Money is always a problem. It comes between thee and me. The way of the Lord is strewn with pathways of festering bodies that have been felled by the nasty specter of easy money.
But money is the root of all evil only when it is prefixed with greed. There is nothing wrong with having money. It’s what you do with it that counts. Gold chains and 10,000-square-foot homes with custom-made dollhouses built simply for collections of dolls are but a few of the problems in our society. The problem is not simply making money, but in spending money in ways that seem not only fruitless and wasteful but downright silly.
Here is where we need to realistically veer into the land of truly poor people. When people who worry from paycheck to paycheck about basic needs like rent and food see a landed class of gilded rich people behaving like Thurston Howell III, then we will have a festering problem within our society. My thought is this: People who are happy don’t go out into the streets and pitch tents and protest. The answer is not “Get a job, you dirty hippie.” It’s “What can I do to help? How can I become part of the solution?”
I know there is no easy answer, but here I am, Lord, ready, willing, and able to chip off a small piece of the larger problem and do my part. That is not the thinking man’s mentality that we are hearing.  Instead we get more of the attitude of “I got mine, so what’s the problem?”
 “There had been nothing special for Christmas the year before except a wild turkey for dinner, because there had been no money.” —Marjorie Kinnan Rawlings
This statement says it all. There had been no money. There had been no money for iPads and iPods, for twizzlers and trinkets and ga-zoozlers and Ka-Klinkers and BoBoozlers and Wee-winkers. Whatever the product that is the “it” thing to buy this year, that is what we have to have. That is part of the problem, not part of the solution. But the simple statement boils it down to the basics and brings it home. There is nothing special on the table because there had been no money.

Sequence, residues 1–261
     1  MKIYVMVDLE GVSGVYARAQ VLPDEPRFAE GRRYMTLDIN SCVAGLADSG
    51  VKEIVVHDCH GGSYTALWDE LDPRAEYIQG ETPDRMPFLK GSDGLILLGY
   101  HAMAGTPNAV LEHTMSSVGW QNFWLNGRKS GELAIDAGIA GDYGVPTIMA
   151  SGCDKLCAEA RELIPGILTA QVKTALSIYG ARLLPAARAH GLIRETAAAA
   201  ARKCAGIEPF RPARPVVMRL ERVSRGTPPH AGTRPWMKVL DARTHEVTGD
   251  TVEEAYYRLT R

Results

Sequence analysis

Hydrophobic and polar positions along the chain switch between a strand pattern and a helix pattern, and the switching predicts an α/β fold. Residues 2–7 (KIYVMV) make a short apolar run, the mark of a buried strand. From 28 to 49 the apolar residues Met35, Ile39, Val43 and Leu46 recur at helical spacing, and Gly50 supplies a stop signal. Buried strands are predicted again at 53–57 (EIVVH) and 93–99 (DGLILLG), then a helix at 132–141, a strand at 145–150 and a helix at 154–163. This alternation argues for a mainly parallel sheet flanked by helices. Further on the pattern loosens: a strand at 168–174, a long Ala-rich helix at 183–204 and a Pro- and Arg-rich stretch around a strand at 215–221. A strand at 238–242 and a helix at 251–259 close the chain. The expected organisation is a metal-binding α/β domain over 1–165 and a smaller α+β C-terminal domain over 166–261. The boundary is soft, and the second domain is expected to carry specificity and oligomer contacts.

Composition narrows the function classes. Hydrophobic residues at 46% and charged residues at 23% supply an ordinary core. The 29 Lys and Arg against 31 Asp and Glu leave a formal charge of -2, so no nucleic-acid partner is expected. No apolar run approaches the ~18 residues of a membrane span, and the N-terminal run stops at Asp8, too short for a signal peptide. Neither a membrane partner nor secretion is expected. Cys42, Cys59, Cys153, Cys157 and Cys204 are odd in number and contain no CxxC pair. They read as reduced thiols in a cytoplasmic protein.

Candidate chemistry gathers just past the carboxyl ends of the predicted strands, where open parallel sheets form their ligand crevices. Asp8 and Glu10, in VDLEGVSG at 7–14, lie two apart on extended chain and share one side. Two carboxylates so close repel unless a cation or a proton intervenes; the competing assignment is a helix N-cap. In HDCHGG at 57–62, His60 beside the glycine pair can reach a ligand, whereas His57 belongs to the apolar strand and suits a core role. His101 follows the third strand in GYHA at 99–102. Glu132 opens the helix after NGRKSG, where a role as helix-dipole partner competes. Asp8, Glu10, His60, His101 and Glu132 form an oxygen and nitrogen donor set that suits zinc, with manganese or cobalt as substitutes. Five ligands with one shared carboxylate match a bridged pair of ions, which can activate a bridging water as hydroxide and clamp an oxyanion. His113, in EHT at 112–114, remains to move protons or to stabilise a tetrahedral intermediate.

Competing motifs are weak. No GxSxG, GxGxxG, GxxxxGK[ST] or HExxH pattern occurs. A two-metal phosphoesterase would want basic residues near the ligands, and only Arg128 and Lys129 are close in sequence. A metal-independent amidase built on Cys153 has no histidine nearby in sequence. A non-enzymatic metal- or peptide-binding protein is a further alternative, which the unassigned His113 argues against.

There are foreclosures and people in the streets because they have no money. What they had, they may have lost. They may have worked harder than anyone, and still they are homeless and starving. That is not part of the American Dream. That is a bleak landscape where people live from paycheck to paycheck.
Franklin Delano Roosevelt gave a great speech at the beginning of his presidency about The Forgotten Man. That is the place we need to be coming from. There is no such thing in God’s Kingdom as The Forgotten Man. Everyone is precious to someone. That is the plan and that is the dream. To focus on the American story and remember it in the re-telling brings to mind the prescient language of FDR when he said the following:
ALTHOUGH I understand that I am talking under the auspices of the Democratic National Committee, I do not want to limit myself to politics. I do not want to feel that I am addressing an audience of Democrats or that I speak merely as a Democrat myself. The present condition of our national affairs is too serious to be viewed through partisan eyes for partisan purposes.
It is said that Napoleon lost the battle of Waterloo because he forgot his infantry—he staked too much upon the more spectacular but less substantial cavalry. The present administration in Washington provides a close parallel. It has either forgotten or it does not want to remember the infantry of our economic army.
These unhappy times call for the building of plans that rest upon the forgotten, the unorganized but the indispensable units of economic power, for plans like those of 1917 that build from the bottom up and not from the top down, that put their faith once more in the forgotten man at the bottom of the economic pyramid.
Please God, help us to never forget the plight of The Forgotten Man. He is us and we are a part of him. We are supposed to remember that we are all in this fight for life together. There are no easy answers, but if you don’t ask the right questions and if you give up before you start, then you will have lost the still vague American Dream.